The Lurkdragon's Lair

Fifty percent animals, fifty percent fandom, one-hundred percent nerd.

Posts tagged marine life

181 notes

rhamphotheca:

Pelagic parenting: A deep-sea squid broods its eggs

Reproduction is one of the many challenges faced by deep-sea animals. In recent years, submersibles have allowed scientists to explore the lives of deep-sea animals in ways that were not possible before.

One of the many exciting discoveries was that a mother of the deep-sea squid species Gonatus onyx broods her eggs by holding them in her arms, a behavior that had never been previously reported for squids. This shocking discovery was the first time scientists had evidence of parental care in squids.

In 2012, a team of researchers led by Stephanie Bush, reported finding another species of deep-sea squid that broods eggs, Bathyteuthis berryi, suggesting that this form of parental care may be a common solution to a reproductive problem for deep-sea squids.

Publication:
Bush, S. L., Hoving, H. J. T., Huffard, C. L., Robison, B. R., & L. D. Zeidberg. 2012. Brooding and sperm storage by the deep-sea squid Bathyteuthis berryi (Cephalopoda: Decapodiformes). Journal of the Marine Biological Association of the United Kingdom. 92(7):1629-1636.

(via: Monterey Bay Aquarium Research Institute)

Filed under neato marine life wildlife squid deep sea life gonatus onyx bathyteuthis berryi

724 notes

libutron:

Bat Ray | ©divindk   (Channel Islands National Park, California, US)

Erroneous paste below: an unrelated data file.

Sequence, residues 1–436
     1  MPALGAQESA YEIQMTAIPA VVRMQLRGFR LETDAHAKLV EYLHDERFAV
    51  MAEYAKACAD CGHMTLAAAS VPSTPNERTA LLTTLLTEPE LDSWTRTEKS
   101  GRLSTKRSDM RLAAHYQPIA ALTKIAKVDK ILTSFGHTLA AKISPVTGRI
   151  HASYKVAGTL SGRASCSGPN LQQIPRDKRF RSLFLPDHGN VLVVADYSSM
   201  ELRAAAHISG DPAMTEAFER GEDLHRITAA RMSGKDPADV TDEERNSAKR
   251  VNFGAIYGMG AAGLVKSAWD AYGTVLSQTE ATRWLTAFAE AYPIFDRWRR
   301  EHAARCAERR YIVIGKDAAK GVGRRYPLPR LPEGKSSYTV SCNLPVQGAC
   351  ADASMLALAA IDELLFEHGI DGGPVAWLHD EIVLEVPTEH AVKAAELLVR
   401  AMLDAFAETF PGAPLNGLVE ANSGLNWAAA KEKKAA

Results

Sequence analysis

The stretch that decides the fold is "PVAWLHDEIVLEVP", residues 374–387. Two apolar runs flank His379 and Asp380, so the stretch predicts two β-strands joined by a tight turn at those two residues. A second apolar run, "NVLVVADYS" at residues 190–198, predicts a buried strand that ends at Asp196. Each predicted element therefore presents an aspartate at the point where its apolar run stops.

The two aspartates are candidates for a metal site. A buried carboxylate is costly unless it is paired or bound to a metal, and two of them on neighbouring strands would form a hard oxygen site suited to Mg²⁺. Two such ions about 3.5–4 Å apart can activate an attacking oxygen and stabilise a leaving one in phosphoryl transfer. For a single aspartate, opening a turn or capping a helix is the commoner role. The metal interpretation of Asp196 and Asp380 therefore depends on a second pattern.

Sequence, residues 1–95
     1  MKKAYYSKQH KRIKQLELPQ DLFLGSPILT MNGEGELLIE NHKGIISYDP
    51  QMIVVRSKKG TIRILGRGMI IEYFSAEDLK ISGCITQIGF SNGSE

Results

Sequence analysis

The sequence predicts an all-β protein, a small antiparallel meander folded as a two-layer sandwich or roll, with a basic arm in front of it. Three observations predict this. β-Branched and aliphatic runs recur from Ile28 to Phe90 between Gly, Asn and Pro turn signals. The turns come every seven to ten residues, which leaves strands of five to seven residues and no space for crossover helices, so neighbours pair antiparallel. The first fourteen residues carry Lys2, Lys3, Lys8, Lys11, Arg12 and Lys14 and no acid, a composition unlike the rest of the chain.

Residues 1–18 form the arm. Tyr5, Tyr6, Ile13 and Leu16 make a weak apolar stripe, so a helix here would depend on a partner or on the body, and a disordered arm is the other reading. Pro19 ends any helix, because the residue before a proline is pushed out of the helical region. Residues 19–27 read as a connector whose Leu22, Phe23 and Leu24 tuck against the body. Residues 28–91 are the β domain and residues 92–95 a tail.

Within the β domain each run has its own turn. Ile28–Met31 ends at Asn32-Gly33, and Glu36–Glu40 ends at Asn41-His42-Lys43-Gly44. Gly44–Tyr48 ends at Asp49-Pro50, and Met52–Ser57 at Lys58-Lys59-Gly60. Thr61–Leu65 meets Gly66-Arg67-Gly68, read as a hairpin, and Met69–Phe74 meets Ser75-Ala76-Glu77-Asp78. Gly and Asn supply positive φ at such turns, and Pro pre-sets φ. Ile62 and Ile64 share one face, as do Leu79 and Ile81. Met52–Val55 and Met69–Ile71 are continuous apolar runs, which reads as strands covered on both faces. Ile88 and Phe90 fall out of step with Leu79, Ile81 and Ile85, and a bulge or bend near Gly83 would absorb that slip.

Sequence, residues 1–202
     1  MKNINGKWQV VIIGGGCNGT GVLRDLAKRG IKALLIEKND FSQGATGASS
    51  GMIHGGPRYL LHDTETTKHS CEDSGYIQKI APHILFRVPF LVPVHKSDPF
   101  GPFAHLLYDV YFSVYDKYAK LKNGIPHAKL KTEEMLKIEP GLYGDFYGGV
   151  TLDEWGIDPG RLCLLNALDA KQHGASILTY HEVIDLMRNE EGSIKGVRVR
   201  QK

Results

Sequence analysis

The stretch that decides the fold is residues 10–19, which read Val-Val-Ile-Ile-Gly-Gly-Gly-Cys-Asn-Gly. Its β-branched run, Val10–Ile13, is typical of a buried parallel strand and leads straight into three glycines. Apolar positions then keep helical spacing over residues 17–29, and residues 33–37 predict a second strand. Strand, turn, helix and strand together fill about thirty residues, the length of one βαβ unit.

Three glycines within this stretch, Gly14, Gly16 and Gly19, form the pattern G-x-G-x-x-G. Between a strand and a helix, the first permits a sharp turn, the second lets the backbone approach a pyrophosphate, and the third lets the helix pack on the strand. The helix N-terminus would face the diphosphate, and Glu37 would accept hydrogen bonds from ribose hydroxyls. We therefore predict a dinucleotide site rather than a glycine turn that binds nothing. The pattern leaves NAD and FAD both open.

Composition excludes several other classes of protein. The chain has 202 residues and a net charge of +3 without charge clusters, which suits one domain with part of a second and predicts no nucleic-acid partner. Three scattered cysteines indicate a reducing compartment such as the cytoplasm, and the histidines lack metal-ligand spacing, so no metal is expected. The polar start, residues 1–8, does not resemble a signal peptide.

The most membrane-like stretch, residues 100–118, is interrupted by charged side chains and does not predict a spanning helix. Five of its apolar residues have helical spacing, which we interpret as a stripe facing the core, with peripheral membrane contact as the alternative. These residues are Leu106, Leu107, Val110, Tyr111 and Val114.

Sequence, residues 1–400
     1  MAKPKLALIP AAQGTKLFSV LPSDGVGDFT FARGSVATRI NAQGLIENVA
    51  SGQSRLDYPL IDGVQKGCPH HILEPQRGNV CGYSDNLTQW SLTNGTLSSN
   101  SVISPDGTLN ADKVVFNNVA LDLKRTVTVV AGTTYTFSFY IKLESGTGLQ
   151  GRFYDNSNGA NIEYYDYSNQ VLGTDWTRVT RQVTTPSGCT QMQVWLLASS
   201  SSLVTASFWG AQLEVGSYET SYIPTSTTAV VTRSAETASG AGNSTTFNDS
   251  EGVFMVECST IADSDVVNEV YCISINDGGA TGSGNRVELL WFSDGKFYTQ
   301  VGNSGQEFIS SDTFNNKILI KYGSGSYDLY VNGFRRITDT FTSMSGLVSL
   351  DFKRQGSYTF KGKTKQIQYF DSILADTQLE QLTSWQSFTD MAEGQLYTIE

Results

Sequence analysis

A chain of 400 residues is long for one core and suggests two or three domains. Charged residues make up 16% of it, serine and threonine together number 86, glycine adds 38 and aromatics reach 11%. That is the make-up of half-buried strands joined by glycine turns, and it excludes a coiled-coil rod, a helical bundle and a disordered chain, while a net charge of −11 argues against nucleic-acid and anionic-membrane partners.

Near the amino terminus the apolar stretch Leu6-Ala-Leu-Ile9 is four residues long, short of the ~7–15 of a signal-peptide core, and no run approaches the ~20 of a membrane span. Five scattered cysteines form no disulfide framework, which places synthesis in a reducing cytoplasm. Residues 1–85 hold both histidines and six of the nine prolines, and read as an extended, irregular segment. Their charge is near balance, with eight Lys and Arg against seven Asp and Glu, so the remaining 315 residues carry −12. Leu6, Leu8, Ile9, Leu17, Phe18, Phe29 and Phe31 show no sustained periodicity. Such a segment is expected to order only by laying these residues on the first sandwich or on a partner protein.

Myliobatis californica (Myliobatidae), better known as Bat Ray or Bat Eagle Ray, is commonly found in sandy and muddy bays and sloughs, also on rocky bottom and in kelp beds, along the coastal waters of the eastern Pacific, from central Oregon in the US to the Gulf of California in Mexico, and in the Galapagos Islands [1]. 
Bat rays are commonly distinguished from other rays because of their distinct, protruding head and large eyes. They have a flat body with a dorsal fin at the base of the tail. The tail is whiplike and can be as long or longer than the width of the body. It is armed with a barbed stinger that is venomous. Bat rays are named for their two long pectoral fins that are shaped like the wings of a bat [2].
Like other ray species, bat rays appear to migrate from inshore waters during the colder months of the year, and return to the same localities year after year [3].

libutron:

Bat Ray | ©divindk   (Channel Islands National Park, California, US)

Myliobatis californica (Myliobatidae), better known as Bat Ray or Bat Eagle Ray, is commonly found in sandy and muddy bays and sloughs, also on rocky bottom and in kelp beds, along the coastal waters of the eastern Pacific, from central Oregon in the US to the Gulf of California in Mexico, and in the Galapagos Islands [1]. 

Bat rays are commonly distinguished from other rays because of their distinct, protruding head and large eyes. They have a flat body with a dorsal fin at the base of the tail. The tail is whiplike and can be as long or longer than the width of the body. It is armed with a barbed stinger that is venomous. Bat rays are named for their two long pectoral fins that are shaped like the wings of a bat [2].